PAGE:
Every so often, a new word becomes de mode in the political sandbox. While the metastasizing social justice movement has provided a veritable deluge of such, along with words to describe those words, oftentimes a “new” word is merely one being used in a new fashion.

While “woke” has been a favorite target of mine, today I ponder the weaponizing of the adjective “structural.” We have been informed by our self-appointed betters that racism is structural. Janet Yellen, one of the many fossils President-Elect Biden has fished out of his curio cabinet to fill his political cabinet, has informed us that the power of the Treasury will be used, under cover of COVID-19 relief, to address “deeper structural problems,” including “racial inequality and stagnant wages,” ignoring the government’s prime culpability in both these areas (and many more). Educational inequities, including the imagined and the naturally occurring, are “structural,” as are health care inequities, power of various sorts, transportation access, gender matters, and even spacial distributions.

The matter at hand isn’t that the purported inequities, bigotries, and injustices do not exist. They do (though the degree to which they do, as well as who the real culprits are, are their own debates). The gag is that the application of the modifier “structural” is intended to affirm that direct government action is the only viable solution to the problems.

Let me repeat that. The purpose of hanging “structural” on various issues is to assert that direct force is required to remediate them. These issues are purportedly so embedded in our culture, our business, and our way of life that the benighted masses need to have correctness imposed upon them from above and without.

Using jargon and “insider” language is an intimidation tactic. It’s about demonstrating one’s greater knowledge of a matter than one’s ideological opponents, a form of “appeal to authority.” If you don’t know and use the right words, you’re clearly insufficiently informed and therefore your arguments don’t carry weight. “Control the language, control the masses,” as Orwell noted. Visit some online forums dedicated to social justice, and unless you’ve been steeping yourself in this stuff, you’ll find all sorts of words and phrases that you’ll have to Google to figure out.

The joke is that, while this passes for erudition, many culprits’ actual knowledge and insight is as shallow as a curbside puddle, and challenging their premises is often countered not with depth, but with deflections, insults, or dismissal. It’s often enough for them to assert that you are a bigot, or “privileged,” or ignorant of the hard realities. We witness this behavior on a daily basis, and have as prime examples Hillary Clinton’s declaration regarding the “deplorables” and Barack Obama’s comment about bitter clingers. Those who aren’t on board with the agenda are of inferior intellect, which imparts unto the Best-and-Brightest an obligation to coerce behaviors that aren’t, at least in their view, coming around of their own accord.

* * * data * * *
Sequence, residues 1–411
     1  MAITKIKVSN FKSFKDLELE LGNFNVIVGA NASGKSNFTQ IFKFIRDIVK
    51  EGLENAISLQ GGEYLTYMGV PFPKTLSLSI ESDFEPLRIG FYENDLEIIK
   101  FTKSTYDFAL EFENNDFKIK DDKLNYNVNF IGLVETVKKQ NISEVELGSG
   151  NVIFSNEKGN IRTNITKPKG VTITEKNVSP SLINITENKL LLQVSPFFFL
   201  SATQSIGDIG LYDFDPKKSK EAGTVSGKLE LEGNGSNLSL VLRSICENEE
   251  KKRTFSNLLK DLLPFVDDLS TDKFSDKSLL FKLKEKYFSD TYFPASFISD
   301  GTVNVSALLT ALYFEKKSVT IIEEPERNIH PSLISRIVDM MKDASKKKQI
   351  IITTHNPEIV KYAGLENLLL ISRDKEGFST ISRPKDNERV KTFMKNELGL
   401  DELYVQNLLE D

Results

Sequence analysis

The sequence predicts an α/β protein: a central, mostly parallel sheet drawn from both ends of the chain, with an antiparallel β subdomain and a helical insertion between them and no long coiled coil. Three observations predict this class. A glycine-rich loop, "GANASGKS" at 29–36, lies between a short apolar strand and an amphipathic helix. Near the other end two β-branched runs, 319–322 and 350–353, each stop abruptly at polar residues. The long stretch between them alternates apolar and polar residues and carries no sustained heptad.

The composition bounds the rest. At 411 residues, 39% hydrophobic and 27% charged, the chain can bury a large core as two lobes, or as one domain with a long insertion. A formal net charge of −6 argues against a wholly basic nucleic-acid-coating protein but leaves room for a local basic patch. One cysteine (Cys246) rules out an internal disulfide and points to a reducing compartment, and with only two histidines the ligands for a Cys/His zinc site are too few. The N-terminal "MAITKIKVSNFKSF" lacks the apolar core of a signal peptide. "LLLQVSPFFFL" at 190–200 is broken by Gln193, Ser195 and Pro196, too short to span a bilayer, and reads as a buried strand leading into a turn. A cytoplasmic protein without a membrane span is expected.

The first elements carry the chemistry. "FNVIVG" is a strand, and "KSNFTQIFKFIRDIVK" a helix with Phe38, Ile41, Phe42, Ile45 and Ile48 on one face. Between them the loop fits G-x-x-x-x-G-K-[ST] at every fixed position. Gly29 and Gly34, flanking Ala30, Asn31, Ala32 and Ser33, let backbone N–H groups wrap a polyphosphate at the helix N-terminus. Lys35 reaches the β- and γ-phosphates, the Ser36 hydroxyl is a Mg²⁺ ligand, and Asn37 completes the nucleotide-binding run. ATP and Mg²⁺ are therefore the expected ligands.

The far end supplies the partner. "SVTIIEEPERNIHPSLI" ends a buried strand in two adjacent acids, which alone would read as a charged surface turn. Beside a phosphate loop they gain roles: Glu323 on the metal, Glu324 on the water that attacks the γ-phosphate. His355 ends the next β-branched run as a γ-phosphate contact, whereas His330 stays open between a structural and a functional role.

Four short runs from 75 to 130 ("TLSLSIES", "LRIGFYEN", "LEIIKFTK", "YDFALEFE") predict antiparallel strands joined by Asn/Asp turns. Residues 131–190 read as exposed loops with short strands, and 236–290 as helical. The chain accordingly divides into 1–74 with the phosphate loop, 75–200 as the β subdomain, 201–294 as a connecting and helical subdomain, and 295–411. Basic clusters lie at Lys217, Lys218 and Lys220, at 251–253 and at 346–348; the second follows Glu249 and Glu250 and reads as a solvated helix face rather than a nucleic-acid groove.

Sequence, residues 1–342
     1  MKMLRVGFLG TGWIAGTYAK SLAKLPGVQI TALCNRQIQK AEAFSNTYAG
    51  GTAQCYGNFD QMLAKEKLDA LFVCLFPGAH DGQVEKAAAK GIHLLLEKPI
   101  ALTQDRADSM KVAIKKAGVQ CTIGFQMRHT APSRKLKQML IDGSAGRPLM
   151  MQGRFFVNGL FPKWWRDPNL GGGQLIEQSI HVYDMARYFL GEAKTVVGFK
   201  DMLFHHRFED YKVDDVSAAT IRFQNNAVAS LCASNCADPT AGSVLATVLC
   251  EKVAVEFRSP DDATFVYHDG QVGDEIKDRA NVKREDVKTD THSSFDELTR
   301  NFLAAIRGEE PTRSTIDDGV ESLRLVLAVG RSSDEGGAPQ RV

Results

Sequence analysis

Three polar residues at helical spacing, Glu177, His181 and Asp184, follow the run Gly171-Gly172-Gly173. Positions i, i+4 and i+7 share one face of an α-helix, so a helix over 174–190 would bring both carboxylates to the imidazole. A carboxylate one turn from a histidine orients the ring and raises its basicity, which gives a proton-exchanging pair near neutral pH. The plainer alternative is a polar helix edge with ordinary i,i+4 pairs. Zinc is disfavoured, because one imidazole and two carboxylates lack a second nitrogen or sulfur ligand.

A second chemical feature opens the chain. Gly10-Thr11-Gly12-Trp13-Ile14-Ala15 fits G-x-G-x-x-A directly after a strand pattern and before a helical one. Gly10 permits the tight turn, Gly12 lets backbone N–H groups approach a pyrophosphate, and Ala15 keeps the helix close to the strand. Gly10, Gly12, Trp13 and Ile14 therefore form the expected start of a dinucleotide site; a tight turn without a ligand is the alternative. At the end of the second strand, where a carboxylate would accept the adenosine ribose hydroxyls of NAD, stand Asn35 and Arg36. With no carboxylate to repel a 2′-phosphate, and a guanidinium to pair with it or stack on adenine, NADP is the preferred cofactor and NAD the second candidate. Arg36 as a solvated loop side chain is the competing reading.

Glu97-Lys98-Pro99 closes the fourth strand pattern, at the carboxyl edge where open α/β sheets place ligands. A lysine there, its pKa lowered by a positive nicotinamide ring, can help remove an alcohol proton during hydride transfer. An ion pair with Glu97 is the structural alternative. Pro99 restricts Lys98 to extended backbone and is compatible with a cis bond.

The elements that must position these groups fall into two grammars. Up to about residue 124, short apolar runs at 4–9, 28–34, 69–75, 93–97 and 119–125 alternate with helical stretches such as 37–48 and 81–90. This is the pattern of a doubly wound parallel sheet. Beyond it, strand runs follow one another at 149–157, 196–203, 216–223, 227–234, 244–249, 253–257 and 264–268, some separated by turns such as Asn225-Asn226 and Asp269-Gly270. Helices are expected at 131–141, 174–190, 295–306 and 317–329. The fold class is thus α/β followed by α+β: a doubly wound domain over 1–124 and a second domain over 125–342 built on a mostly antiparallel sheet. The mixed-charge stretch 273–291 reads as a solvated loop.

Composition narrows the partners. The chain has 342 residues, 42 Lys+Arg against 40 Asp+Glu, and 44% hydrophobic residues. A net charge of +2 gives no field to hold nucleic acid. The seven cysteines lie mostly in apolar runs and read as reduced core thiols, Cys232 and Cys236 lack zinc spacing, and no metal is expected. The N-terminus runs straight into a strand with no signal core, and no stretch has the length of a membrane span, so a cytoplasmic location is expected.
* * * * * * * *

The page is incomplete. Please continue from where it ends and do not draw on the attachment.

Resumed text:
Awareness of these tactics is the first step in countering them. Knowing the intent behind the use of words such as “structural” is key to responding effectively.

As for the premise itself? Jim Crow was “structural,” as in it was the law of the land that actually prohibited non-racist behaviors on the part of store owners and public spaces. That was structural racism, and those laws are long gone. Racism still exists, it should go without saying, but how we address it should not be artificially restricted to coercive measures. The “structural” modifier is a begging-the-claim fallacy, in that it asserts a specific form of racism (that calls for a specific solution) under the cover of the broader reality. So it goes for all the other “structural” inequities. Dig just below the surface, and you’ll find the problems that actually exist have been caused by the very people and approaches that promise to resolve them.

If and where there are laws that force inequitable outcomes, those laws should be repealed, and not papered over with more coercive laws. Where such do not exist, government should keep its meddling nose out. History has made it amply clear that behavior cannot be coerced, and outcomes of such coercions are rarely, if ever, the intended ones.

Peter Venetoklis

About Peter Venetoklis

I am twice-retired, a former rocket engineer and a former small business owner. At the very least, it makes for interesting party conversation. I'm also a life-long libertarian, I engage in an expanse of entertainments, and I squabble for sport.

Nowadays, I spend a good bit of my time arguing politics and editing this website.

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